Politics One

Fourth edition

by Ian Ward and Randal G. Stewart

The Liberals and the Coalition

Further reading suggestions

  • Brett, J. 2009. ‘The Liberal Party’ Party’ in D. Woodward, A. Parkin, and J. Summers (eds) Government, Politics, Power and Policy in Australia. 9th edn. (Frenchs Forest NSW: Pearson.) Brett traces the modern Liberal Party to the early 20C and explores its different liberalisms.
  • Miragliotta, N. And Errington, W. 2009. The Australian Political System in Action. (Melbourne: Oxford University Press). Chapter 11. The Liberal Party
  • Starr, G. 1978. ‘The Liberal Party of Australia’ in G.Starr, K. Richmond and G. Maddox Political Parties in Australia (Richmond: Heinemann Educational Australia). Obviously dated but still a useful history of the origins of the Liberal Party.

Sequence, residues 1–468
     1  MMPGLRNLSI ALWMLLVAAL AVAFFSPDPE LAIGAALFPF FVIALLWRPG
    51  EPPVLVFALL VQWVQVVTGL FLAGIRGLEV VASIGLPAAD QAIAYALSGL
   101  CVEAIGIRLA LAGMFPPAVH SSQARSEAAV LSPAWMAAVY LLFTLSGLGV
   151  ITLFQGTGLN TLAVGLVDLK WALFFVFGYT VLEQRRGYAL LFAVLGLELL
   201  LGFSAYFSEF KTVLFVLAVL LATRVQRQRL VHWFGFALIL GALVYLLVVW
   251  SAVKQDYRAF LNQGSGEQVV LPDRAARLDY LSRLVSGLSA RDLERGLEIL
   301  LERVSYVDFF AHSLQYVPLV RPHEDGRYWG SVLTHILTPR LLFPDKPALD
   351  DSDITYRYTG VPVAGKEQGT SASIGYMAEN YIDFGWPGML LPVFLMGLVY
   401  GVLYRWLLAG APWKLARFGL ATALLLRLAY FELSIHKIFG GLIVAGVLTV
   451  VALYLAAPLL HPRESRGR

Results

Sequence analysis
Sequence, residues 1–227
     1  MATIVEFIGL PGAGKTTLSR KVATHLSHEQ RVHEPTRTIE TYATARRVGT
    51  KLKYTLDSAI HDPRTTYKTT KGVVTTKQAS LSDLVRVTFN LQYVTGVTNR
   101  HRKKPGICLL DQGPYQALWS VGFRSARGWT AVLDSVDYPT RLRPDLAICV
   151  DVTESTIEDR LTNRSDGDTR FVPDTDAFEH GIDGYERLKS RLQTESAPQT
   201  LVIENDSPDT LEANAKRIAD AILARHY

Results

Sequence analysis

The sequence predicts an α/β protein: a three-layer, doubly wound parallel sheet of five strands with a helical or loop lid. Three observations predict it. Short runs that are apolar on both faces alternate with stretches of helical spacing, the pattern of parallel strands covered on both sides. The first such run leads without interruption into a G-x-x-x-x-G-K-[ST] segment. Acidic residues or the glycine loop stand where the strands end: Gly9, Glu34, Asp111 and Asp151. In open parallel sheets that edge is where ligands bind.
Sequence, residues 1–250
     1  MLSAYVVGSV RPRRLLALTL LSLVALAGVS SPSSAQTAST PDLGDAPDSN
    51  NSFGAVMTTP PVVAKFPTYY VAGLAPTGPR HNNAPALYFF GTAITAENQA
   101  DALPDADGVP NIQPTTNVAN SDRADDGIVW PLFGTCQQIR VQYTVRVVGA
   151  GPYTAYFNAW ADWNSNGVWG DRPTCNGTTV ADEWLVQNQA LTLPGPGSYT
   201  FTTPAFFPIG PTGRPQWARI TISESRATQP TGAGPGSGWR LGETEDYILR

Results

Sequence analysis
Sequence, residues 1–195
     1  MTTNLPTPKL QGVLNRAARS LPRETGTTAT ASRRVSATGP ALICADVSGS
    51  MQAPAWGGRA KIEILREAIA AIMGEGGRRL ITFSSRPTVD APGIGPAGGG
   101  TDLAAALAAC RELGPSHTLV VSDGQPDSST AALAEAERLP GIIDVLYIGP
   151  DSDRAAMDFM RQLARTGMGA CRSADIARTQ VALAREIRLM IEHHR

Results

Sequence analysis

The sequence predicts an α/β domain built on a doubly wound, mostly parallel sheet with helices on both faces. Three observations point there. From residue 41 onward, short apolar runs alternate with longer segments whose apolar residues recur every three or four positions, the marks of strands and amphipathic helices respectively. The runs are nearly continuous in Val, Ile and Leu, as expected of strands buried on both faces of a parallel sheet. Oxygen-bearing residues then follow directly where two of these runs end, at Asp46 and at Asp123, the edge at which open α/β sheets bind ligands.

Discussion point 
In 1944 when Menzies formed the Liberal Party, the 40,000 strong Australian Women’s National League joined on condition that it retain its identity within the newly formed party as its Women’s Section. As a result, in most state Divisions of the party women have an entrenched representation within the senior organisational levels. At the national level the Federal Women’s Council serves as a peak body representing female Liberal party members. However while women have a guaranteed place and influence within the organisational wing of Liberal Party, as we show in Politics One, they are underrepresented in the federal Liberal party room. This poses a puzzle. Why, with the Federal Women’s Committee acting as their champion since 1945 and now actively encouraging women to become involved in political life, has the Liberal Party not endorsed more female candidates?

Does the organisation and internal culture of the Liberal Party restrict the opportunities for women to represent it in parliament?